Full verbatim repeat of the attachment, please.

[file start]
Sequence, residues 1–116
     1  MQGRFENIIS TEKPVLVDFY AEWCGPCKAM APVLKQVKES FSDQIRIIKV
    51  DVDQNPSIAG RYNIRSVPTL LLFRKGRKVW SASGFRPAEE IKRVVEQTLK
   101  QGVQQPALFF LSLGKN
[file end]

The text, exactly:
Sequence, residues 1–116
     1  MQGRFENIIS TEKPVLVDFY AEWCGPCKAM APVLKQVKES FSDQIRIIKV
    51  DVDQNPSIAG RYNIRSVPTL LLFRKGRKVW SASGFRPAEE IKRVVEQTLK
   101  QGVQQPALFF LSLGKN